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Odisha government gave prime land meant for IT companies to Bhubaneswar Golf Club; Rs 180 cr loss to state exchequer: CAG report

Friday, 4 July 2014 - 8:42pm IST | Place: Bhubaneswar | Agency: Zee Kalinga

Investment charmer. That’s how Odisha CM Navin Patnaik is known in the corporate sector. Even his political rivals do not hesitate to admire him when it comes to getting big fat investment proposals to the state. His penchant for industrialisation has often been criticised as bending laws to favour industry. However, there seems to be a twist in the tale. Navin can be equally harsh and unsympathetic to industry when it comes to promoting golf. That’s not all, the state government can flout rules to extend undue favour to the state’s lone private golf body i.e. the Bhubaneswar Golf Club (BGC). The Industrial Infrastructure Development Corporation of Odisha (IDCO), a state government undertaking, gave away 36 acres of prime land in the heart of the capital city of Bhubaneswar to BGC, originally meant for IT companies. The Comptroller and Auditor General (CAG) in its recent report on Odisha has pointed out that IDCO's decision to award the land meant for setting up IT firms to BGC on the ground of “permissive possession” was irregular and arbitrary. Due to the undue favour to BGC, the state exchequer lost around Rs 180 cr of revenue, the report says.
The Industrial Infrastructure Development Corporation of Odisha (IDCO) was set up in 1981 as a state government undertaking to facilitate the rapid and orderly establishment of Industries, Trade and Commerce in the state. In 2001, IDCO acquired 205 acres of government land to set up Infocity Industrial Estate and create high quality infrastructure facilities for setting up export oriented IT firms. Of the 205 acres, IDCO allotted 30 acres to BGC (August 2001) on permissive possession after signing a Memorandum of Agreement (MOA), according to which, BGC was allowed only surface use of the land for developing greenery and a golf course at a meagre Rs 10,000 per annum. Though the land was not coming under the permissive possession category, IDCO overruled the Revenue Department notification and allotted the land to BGC, the report has pointed out. There was a stipulation in the beginning to construct a permanent structure thereon, since the land was to be provided to software companies as and when demand arose.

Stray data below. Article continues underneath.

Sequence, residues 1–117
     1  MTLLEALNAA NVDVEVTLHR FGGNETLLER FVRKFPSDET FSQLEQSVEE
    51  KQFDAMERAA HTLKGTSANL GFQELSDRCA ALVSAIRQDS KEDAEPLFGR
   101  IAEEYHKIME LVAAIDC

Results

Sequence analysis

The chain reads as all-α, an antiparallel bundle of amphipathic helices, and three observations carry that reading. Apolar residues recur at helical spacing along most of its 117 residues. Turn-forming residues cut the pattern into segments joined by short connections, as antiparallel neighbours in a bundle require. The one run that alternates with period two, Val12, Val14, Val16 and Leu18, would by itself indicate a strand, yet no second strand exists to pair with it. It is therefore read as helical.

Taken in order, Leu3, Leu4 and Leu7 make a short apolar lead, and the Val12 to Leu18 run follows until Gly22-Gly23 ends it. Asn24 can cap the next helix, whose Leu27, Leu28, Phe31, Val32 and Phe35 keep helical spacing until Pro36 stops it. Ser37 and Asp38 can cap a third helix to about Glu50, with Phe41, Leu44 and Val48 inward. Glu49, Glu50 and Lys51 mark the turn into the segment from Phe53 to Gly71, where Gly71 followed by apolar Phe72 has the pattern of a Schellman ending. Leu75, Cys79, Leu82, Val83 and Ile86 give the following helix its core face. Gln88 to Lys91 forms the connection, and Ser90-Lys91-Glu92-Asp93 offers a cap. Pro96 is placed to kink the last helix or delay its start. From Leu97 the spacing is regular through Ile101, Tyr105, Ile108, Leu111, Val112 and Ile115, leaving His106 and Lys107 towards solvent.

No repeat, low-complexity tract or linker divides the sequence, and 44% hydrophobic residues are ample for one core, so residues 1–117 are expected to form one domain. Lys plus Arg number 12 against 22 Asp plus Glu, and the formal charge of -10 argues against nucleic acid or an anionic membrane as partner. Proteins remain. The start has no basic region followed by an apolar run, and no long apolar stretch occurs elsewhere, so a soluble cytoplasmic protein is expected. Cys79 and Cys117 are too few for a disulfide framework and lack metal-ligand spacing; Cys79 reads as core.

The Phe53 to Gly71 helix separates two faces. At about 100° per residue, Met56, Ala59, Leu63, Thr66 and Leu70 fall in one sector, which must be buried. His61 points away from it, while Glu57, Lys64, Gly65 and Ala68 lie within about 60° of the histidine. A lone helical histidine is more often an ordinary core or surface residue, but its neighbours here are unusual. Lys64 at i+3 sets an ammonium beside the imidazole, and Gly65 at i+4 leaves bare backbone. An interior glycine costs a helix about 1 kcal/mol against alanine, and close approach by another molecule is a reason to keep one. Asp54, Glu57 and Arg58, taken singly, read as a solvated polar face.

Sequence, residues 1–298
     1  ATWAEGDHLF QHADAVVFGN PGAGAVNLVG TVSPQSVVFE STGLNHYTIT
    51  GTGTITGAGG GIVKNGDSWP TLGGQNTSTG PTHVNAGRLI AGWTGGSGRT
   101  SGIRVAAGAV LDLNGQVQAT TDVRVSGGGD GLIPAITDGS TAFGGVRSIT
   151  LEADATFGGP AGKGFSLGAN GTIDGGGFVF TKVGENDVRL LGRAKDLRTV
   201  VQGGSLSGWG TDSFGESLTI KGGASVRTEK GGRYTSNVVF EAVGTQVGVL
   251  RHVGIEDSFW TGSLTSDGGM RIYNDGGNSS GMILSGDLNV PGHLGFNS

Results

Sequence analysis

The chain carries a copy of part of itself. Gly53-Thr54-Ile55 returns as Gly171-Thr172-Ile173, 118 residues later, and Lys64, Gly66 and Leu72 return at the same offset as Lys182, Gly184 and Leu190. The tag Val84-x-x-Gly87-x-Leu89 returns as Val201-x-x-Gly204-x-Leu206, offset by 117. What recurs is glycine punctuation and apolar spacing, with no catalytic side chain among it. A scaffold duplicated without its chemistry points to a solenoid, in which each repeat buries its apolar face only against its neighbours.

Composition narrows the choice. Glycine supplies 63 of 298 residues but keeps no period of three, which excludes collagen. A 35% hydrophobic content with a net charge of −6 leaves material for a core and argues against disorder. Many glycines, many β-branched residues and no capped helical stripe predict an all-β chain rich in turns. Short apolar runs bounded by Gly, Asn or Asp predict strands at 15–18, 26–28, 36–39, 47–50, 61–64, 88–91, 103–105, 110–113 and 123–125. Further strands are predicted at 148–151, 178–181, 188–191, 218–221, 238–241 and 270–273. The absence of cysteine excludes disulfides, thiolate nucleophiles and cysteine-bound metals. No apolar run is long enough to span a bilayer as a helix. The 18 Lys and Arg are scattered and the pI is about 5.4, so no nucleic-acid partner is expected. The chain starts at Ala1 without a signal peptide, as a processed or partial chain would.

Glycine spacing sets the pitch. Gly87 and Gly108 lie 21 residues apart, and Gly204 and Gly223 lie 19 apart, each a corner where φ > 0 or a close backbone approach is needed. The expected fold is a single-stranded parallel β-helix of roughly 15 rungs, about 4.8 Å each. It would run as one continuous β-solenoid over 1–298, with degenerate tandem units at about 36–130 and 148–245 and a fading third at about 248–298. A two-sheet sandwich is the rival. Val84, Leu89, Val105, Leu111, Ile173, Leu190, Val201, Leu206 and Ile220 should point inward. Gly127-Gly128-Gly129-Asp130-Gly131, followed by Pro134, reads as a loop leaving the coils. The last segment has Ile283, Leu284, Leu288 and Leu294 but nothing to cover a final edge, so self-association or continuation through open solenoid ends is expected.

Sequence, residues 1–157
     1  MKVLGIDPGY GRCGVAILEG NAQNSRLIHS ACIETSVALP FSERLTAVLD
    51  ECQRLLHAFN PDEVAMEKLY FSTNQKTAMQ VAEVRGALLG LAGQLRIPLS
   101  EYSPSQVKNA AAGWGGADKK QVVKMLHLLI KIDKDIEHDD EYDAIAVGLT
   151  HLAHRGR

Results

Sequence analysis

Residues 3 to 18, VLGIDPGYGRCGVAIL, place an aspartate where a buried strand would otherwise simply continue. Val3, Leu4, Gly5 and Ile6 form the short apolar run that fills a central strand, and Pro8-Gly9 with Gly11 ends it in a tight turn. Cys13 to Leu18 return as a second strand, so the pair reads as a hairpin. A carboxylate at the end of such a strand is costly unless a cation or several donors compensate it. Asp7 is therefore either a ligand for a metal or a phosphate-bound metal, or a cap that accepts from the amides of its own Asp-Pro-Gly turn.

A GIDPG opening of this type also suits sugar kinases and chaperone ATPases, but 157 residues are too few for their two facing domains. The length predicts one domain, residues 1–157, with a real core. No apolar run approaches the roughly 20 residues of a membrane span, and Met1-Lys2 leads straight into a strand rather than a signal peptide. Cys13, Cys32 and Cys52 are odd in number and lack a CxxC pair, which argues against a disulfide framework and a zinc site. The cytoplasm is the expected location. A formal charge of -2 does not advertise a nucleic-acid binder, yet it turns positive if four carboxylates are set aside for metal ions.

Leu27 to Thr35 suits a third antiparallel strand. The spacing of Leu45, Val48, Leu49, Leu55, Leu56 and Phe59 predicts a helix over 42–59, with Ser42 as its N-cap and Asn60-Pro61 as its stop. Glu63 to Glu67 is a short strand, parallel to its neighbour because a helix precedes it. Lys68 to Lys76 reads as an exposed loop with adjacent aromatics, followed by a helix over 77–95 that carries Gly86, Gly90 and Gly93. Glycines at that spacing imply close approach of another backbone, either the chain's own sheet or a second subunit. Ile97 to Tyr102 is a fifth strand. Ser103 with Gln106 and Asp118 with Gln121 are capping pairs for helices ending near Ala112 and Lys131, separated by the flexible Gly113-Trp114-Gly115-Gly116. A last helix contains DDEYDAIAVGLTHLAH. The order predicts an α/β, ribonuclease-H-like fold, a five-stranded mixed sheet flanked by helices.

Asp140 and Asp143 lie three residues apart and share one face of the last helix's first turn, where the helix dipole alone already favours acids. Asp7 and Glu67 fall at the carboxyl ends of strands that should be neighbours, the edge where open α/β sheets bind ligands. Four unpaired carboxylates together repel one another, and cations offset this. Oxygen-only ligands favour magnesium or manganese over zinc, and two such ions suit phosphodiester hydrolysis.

Surprisingly, an audit noticed that though nine applications (May-August 2009) for allotment of 19.30 acre land were received to set up IT industries, these units were denied on the plea of non-availability of land. Due to such irregular permissive possession, IT companies were deprived of land in Bhubaneswar, the report says. Due to the denial of land to IT companies, the state lost huge investments and employment opportunities. “The Navin Patnaik government plays a dual role in land allotment, it allots land to those who are powerful and influential. Industrialisation is a limited slogan and is used mostly to give away valuable land to people close to the government,”  senior BJP leader Bishnu Das said.
IDCO allotted one more acre of land to BGC (Feb 2003) for construction of a permanent golf pavilion at Rs 5 lakh per acre against the government rate of Rs 25 lakh, resulting in an undue benefit of Rs 20 lakh to the club. BGC then constructed a pavilion without obtaining requisite approval of the building plan. However the BGC disapproves of the CAG’s claim of violation of rules by the club. “We have not violated any rules in either taking the possession of the land nor construction. Rather the state industry department facilitated in setting up the club,” says J B Pani, Secretary of BGC.
However, the club was in irregular possession of 36.535 acres as per the July 2010 report of the Executive Engineer (civil). Thus there was undue benefit extended to BGC. Due to the favour shown to BGC, the state lost revenue to the tune of Rs 178 crore, the CAG report said.
Interestingly, the present CMD of IDCO Vishal Dev, who is also the member of Bhubaneswar Golf Club, declined to comment on the findings of the CAG report.

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